Compiled by Jonathan Vanian
International reactions to the mass slayings range from shock and sympathy to bewilderment about America's gun culture.
London Times, England — Only the names change. And the numbers
The scale of the Virginia incident is, sadly, all that distinguishes it.
The truth is that only an optimist would imagine Virginia Tech will hold the new record [for the worst shooting in U.S. history] for very long. Surely in a year or two the news networks will be replaying the same footage from another college, with only the numbers different.
Perhaps of all the elements of American exceptionalism — those factors, positive or negative, that make the US such a different country, politically, socially, culturally, from the rest of the civilised world — it is the gun culture that foreigners find so hard to understand.
The country’s religiosity, so at odds with the rest of the developed world these days; its economic system which seems to tolerate vast disparities of income; even all those strange sports Americans enjoy — all of these can at least be understood by the rest of us, even if not shared.
The Korean Herald, South Korea — Deep Condolences
The pain and anguish that families of the victims are now feeling is shared not only by members of the Korean community in the United States, but also Koreans here in Korea. There have been expressions of shock from President Roh Moo-hyun and from ordinary people, who may or may not have children studying at American schools.
The Korean government and people will have to do what they can, however small, to help those affected begin the healing process as soon as possible. In this regard, President Roh took the right initial action when he twice sent “deep condolences” to the victims — the first came shortly after the tragedy was first reported, and then again when the criminal suspect was identified as a Korean student. He said he was “shocked beyond description.”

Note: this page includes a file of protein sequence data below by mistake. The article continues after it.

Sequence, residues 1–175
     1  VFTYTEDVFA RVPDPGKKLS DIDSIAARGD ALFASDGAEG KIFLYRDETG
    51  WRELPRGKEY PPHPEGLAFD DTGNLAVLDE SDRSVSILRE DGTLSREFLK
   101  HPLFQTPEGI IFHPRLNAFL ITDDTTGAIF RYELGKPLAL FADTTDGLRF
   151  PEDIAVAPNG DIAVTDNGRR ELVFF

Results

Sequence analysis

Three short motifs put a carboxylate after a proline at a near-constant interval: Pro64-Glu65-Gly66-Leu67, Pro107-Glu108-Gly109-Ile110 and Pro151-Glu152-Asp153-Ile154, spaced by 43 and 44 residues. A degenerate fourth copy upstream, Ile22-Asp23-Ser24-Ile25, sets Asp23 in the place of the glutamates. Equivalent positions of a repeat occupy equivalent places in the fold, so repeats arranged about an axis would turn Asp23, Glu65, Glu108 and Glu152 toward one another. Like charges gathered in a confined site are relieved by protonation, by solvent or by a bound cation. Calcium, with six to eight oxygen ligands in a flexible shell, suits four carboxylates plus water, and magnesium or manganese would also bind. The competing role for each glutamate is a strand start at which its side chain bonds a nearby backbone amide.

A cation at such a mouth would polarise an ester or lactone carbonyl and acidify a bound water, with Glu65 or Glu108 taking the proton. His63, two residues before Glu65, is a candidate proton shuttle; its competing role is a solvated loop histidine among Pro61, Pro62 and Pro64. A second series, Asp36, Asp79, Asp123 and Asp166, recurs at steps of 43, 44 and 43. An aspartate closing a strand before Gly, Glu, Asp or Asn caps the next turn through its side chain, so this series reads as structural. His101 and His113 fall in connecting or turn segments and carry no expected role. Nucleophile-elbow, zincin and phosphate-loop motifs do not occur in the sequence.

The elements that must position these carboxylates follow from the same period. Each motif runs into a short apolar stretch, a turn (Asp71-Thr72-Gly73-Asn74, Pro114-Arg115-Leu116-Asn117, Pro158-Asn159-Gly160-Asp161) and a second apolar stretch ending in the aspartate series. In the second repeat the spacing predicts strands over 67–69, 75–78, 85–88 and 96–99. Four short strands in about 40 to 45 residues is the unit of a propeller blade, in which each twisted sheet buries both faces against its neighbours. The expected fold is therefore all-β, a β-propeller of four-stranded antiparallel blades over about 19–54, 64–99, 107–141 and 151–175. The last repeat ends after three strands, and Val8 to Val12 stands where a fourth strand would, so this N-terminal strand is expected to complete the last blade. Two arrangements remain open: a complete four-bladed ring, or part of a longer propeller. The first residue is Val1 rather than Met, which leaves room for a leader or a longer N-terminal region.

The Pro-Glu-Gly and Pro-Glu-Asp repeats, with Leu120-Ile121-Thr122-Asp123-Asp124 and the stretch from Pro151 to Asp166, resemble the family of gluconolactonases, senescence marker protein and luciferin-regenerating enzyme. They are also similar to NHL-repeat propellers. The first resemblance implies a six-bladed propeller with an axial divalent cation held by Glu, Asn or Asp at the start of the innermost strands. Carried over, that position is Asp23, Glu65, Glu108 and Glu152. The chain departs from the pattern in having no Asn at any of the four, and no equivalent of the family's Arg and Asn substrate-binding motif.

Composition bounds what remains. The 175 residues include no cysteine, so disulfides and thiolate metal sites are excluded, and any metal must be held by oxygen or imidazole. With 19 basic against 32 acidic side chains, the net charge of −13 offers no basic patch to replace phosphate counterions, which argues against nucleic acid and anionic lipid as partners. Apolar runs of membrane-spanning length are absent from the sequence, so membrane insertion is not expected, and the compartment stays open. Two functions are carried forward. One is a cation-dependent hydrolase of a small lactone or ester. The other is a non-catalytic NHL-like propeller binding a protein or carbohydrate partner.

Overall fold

The slayings were a crime committed by a member of the Korean community, one rotten apple. But the savage act was not sponsored by the Korean community or the Korean state. Nonetheless, there is no denying that the shocking incident will taint the good image that the Korean community and the Korean nation have strived to build among Americans.
Arab News, Saudi Arabia — Heavy Price
The massacre of 32 students at Virginia Tech University has left Americans dumbstruck. It is the latest and so far the most bloody in a series of murderous attacks at US educational institutions. At each of the appalling crime scenes, youngsters have settled grudges or played out video game fantasies with powerful automatic weapons. And those weapons are sold over the counter in virtually each of America’s 50 states. However at this hour of America’s horrified grief, in which all decent people worldwide share, it is worth pointing out that there is a lesson here which, on past evidence, no US administration will choose even to hear, let alone learn.